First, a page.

Despite over 90% of the United States population having some form of health insurance, medical debt remains a persistent problem. For people and families with limited assets, even a relatively small unexpected medical expense can be unaffordable. For people with significant medical needs, medical debt may build up over time. People living with cancer, for example, have higher levels of debt than individuals who have never had cancer.
High deductibles and other forms of cost sharing can contribute to individuals receiving medical bills that they are unable to pay, despite being insured. KFF polling shows that people with medical debt report cutting spending on food, clothing, and other household items, spending down their savings to pay for medical bills, borrowing money from friends or family members, or taking on additional debts. (The KFF polling found that 41% of adults have health care debt according to a broader definition, which includes health care debt on credit cards or owed to family members.)
This brief analyzes data from the Survey of Income and Program Participation (SIPP) to understand how many people have medical debt and how much they owe. A recent Census Bureau analysis on medical debt at the household level found 15% of households owed medical debt in 2021. In this analysis, SIPP data is summarized at the individual level for adults who reported owing over $250 in unpaid medical bills as of December 2021. This analysis focuses on people with over $250 in medical debt, a threshold defined as “significant” medical debt to distinguish from people who owe relatively small amounts.
This analysis shows that 20 million people (nearly 1 in 12 adults) owe medical debt. The SIPP survey suggests people in the United States owe at least $220 billion in medical debt. Approximately 14 million people (6% of adults) in the U.S. owe over $1,000 in medical debt and about 3 million people (1% of adults) owe medical debt of more than $10,000. While medical debt occurs across demographic groups, people with disabilities or in worse health, lower-income people, and uninsured people are more likely to have medical debt.
People in worse health and those living with a disability are more likely to report medical debt
People with complex heath needs that require ongoing care can see medical bills pile up over time. Those in worse health or those living with disabilities may also experience unemployment or income losses, further contributing to their difficulty affording medical bills. Adults living with a disability are more likely than those without a disability to report owing medical debt (13% vs. 6%). Similarly, adults who report their health status is “fair” or “poor” are more likely to say they owe medical debt than those who say they are in “good” or better health.
Middle-aged adults and Black people are more likely to have medical debt
People typically use more health care and often have higher health care expenses and out-of-pocket costs as they age. Unsurprisingly, the share of adults with medical debt increases with age and middle-aged adults are more likely than young adults to have medical debt. However, the share of adults with medical debt decreases when people reach Medicare age. This analysis shows that 10% of adults ages 50 to 64 report having medical debt, compared to 6% of those ages 65 to 79.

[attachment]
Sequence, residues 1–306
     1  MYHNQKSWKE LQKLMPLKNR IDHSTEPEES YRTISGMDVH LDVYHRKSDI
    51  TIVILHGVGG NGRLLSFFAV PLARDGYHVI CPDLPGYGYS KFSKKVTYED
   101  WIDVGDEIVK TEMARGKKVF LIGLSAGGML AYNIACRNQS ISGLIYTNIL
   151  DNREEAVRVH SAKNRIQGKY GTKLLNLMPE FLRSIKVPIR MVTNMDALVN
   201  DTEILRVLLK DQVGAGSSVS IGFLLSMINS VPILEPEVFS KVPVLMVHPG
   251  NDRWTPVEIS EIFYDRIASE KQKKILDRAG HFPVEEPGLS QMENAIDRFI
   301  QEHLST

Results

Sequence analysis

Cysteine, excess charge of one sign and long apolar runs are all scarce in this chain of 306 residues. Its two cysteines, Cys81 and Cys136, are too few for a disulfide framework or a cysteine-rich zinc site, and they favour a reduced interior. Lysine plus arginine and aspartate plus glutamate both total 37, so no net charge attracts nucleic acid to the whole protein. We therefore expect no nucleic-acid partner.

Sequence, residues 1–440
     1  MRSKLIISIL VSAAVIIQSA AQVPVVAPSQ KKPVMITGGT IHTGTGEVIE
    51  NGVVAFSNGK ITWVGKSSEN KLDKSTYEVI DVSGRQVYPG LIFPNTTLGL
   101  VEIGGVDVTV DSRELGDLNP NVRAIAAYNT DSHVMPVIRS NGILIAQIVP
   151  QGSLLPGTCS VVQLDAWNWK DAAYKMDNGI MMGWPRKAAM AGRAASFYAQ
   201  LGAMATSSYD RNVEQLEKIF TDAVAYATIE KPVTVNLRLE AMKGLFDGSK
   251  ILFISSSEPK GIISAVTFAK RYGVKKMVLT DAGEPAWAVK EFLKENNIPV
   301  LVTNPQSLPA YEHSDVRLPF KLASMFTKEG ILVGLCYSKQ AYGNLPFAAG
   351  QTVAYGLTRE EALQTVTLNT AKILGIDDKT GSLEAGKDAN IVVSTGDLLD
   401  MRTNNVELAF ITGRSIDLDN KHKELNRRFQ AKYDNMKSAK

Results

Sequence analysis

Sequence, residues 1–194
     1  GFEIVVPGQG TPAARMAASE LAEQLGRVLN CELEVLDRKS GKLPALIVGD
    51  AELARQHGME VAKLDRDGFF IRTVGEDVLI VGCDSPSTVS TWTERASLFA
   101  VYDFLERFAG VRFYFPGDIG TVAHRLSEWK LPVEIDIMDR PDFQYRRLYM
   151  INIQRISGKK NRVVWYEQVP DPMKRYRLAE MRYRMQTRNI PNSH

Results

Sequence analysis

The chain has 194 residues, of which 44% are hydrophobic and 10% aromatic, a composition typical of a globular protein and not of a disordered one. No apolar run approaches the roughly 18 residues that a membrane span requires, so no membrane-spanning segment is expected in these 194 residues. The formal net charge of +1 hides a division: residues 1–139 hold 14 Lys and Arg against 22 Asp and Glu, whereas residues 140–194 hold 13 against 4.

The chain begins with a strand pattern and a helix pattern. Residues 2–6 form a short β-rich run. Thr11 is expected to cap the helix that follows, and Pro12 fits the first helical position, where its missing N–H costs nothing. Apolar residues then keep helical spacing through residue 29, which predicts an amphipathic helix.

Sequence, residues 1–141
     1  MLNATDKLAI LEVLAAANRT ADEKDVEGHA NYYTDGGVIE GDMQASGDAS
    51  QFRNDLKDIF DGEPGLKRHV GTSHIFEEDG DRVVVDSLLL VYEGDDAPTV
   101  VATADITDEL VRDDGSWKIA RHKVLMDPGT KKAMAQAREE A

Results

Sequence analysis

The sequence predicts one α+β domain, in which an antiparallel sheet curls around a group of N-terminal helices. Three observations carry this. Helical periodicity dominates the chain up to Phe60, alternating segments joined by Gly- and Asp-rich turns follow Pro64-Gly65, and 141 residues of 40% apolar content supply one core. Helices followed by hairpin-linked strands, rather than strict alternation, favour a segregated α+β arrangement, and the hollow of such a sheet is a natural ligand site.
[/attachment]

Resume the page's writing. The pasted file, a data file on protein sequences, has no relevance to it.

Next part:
Black Americans are far more likely than people of other racial and ethnic groups to report having medical debt. This analysis shows that 13% of Black Americans report having medical debt, compared to 8% of White and 3% of Asian Americans.
Women are also more likely to report having medical debt (9%) than men (7%), on average. Some of this difference is likely related to childbirth expenses and lower average income among women than men.
Low- and middle-income adults and those without health insurance are more likely to have medical debt
Adults with lower and modest incomes are more likely to have medical debt. This analysis shows that about 1 in 10 adults with incomes below 400% of the federal poverty level (FPL) report having medical debt. In 2021, the federal poverty line was $12,880 for a person living on their own and $26,500 for a family of four.
Most people in the United States are insured, but adults who were uninsured for part of the year are more likely to report having medical debt (14%) than those who were insured the full year (8%) or uninsured for the whole year (11%).
People living in rural areas and in the South are more likely to have medical debt
The burden of medical debt is not distributed equally across the country. Adults living in rural areas and in the South are more likely to report having medical debt.
Health status and income are both key factors in medical debt
The chart above highlights the interaction between income and health status. Poor health status is associated with higher rates of medical debt even among people with higher incomes — adults with higher incomes in poor health are more likely to have medical debt than adults with lower incomes in good health. Adults in worse health are more likely to report medical debt when they are also lower- or middle-income. For example, 22% of adults in poor health with household incomes under 400% of the poverty line had medical debt, compared to 14% of adults in poor health with incomes at 400% or more of the poverty line.
Most people with medical debt owe over $1,000
Most of the 20 million adults with medical debt owe over $1,000, and about half (11 million people) owe over $2,000. Among the 20 million adults with medical debt, about 3 million (13%) have debt obligations between $5,001 and $10,000, and another 3 million (14%) owe more than $10,000.
Approximately 6% of adults (14 million people) in the U.S. owe more than $1,000, 2% (6 million people) owe more than $5,000 in medical debt, and 1% of adults (3 million people) in the U.S. owe more than $10,000 in medical debt.
People in the U.S. owe at least $220 billion in medical debt and the bulk of that debt is owed by people with over $10,000 in debt
The total amount of medical debt is difficult to estimate. While surveys capture a larger share of people and more types of medical debt than analyses of credit reports, there are challenges in capturing data from people who owe high levels of debt. A small share of adults accounts for a large share of the total; for example, 0.3% of adults account for well more than half of the total medical debt. In SIPP, the aggregate amount of medical debt owed among the highest debt holders varies considerably from year to year. To reduce the influence of the highest debt holders on the aggregate amount of medical debt, KFF used a conservative method to calculate the total medical debt for respondents with extremely high debt amounts in SIPP. This approach essentially removes the highest debt values from the calculation. See Methods below for details.